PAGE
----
SAN FRANCISCO - With public support for his tax measure falling below 50 percent for the first time two weeks before Election Day, Gov. Jerry Brown said this afternoon that the numbers are "a little puzzling" but that the campaign can still be won.
"I think we have a very good chance," Brown said at a press conference with business leaders here. "I'm not going to let anything slow me down between now and Election Day."
The Democratic governor's remarks follow the release last night of a Public Policy Institute of California poll showing support among likely voters for Proposition 30 fading to 48 percent, down from 52 percent last month. Forty-four percent of likely voters oppose the proposal to raise the state sales tax and income taxes on California's highest earners.
Brown, who frequently highlights the measure's reliance on California's wealthiest residents in public speeches and rallies, was asked why he does not emphasize that relatively popular aspect of his campaign in his paid advertising.
"It's always dicey when you start looking at different aspects of our stratified society, and it's hard to find the right phrases, the right words," Brown said.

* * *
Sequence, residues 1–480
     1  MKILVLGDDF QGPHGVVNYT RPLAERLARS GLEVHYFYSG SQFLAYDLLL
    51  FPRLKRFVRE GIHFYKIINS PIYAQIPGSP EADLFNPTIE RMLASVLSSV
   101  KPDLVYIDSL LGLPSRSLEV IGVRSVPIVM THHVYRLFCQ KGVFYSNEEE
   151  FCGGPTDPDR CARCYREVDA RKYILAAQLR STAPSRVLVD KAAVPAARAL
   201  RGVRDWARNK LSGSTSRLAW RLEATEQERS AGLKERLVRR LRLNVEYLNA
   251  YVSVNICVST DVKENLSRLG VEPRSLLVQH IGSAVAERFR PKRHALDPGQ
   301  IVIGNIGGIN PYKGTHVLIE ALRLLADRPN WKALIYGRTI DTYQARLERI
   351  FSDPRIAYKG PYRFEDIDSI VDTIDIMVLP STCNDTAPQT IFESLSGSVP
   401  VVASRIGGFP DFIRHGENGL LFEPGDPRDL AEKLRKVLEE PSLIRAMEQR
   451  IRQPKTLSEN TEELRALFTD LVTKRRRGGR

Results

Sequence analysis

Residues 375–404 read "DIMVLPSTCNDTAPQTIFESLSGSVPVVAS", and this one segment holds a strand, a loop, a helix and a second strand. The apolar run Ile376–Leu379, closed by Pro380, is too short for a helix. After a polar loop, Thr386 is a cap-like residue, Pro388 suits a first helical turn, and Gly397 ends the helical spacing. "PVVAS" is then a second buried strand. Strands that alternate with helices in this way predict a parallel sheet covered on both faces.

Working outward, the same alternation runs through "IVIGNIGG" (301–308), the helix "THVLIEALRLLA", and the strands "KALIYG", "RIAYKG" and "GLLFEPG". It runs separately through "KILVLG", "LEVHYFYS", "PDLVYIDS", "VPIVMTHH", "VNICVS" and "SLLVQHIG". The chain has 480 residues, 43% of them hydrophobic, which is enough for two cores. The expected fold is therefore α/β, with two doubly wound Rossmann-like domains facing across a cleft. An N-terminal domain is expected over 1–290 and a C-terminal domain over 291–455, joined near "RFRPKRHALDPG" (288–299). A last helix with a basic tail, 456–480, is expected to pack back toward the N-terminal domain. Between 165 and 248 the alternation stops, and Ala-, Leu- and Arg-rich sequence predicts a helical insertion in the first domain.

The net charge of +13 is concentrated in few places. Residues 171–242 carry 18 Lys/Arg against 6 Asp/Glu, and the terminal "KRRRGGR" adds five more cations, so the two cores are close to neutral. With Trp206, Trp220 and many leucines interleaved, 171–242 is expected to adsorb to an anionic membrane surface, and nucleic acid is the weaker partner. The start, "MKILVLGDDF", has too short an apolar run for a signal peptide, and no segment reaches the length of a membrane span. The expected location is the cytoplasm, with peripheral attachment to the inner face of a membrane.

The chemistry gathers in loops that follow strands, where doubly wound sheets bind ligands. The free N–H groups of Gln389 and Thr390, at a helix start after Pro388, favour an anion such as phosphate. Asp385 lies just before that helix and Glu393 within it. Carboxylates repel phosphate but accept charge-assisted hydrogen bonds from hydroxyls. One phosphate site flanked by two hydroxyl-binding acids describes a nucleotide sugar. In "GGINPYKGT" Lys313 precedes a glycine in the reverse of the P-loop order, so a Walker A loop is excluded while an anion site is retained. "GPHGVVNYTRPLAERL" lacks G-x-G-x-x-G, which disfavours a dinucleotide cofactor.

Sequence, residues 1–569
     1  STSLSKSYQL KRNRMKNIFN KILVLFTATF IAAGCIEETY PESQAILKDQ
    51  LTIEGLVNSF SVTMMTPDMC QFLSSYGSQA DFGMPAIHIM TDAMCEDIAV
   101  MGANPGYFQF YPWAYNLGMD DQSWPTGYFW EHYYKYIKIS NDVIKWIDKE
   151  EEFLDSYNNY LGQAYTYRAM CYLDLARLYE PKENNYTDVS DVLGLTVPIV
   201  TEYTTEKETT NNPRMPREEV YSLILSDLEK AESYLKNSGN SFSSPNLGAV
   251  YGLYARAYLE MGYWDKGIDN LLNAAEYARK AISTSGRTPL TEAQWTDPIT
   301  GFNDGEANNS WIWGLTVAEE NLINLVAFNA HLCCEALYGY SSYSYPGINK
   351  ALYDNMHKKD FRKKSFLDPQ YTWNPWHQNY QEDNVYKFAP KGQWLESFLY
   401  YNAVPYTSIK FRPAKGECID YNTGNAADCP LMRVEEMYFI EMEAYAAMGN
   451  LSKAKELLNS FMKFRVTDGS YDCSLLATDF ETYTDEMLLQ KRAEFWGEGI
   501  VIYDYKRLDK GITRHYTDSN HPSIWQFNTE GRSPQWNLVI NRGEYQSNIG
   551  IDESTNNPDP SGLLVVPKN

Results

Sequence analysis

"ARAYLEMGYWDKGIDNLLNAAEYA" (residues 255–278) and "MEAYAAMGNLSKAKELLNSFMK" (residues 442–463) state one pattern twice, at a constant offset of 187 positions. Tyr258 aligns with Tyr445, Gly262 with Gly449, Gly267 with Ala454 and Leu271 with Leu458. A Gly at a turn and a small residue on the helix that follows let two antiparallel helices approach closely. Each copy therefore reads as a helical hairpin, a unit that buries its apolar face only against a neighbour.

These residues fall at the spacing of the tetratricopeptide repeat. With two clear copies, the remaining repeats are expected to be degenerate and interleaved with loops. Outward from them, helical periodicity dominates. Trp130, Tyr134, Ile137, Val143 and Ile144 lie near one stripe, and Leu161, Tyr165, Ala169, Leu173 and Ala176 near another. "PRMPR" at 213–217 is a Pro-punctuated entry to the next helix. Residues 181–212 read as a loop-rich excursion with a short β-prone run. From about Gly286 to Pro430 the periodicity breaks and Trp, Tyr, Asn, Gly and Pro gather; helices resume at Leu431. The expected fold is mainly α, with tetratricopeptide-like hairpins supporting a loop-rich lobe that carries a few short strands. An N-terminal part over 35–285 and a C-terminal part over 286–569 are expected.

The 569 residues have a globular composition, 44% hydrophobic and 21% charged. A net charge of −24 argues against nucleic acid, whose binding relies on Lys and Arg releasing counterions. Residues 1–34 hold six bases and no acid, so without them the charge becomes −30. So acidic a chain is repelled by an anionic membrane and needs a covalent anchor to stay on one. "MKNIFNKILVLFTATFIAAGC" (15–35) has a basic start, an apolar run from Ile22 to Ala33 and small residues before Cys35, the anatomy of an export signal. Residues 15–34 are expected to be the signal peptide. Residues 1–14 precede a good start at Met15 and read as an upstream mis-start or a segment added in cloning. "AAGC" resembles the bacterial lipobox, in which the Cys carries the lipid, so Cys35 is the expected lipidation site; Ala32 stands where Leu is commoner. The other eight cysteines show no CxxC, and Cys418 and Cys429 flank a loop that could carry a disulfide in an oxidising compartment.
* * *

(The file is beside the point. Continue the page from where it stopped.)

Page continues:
He said "the God's honest truth" about Proposition 30 is, "It's hurt the schools or take a little money from people who can well afford it.
"It's so obvious that it is a little puzzling that the polls aren't a little higher," Brown said. "But they're in the ballpark. We're ahead, and I think from all the internal numbers that I've looked at, this can be won."
The campaign against Proposition 30 released a statement highlighting the measure's falling poll numbers, saying "voters are seeing through the governor's deceptive campaign."
Brown kept up his attack on opponents of his measure, calling the donation of $11 million from a secretive, Arizona-based nonprofit group "probably the worst abuse in the history of California election law since the (campaign finance) reform was put in."
Brown, whose 1974 ballot measure created the state Fair Political Practices Commission, said of the body's suing the group today, "Finally."
Americans for Responsible Leadership donated $11 million this month to a business committee opposing Brown's measure and supporting a controversial campaign finance measure, Proposition 32.
Brown previously accused the committee that accepted the donation of illegal money laundering, a claim the committee said was a baseless political attack.
Editor's note: Post updated at 4 p.m. to include response from campaign against Proposition 30.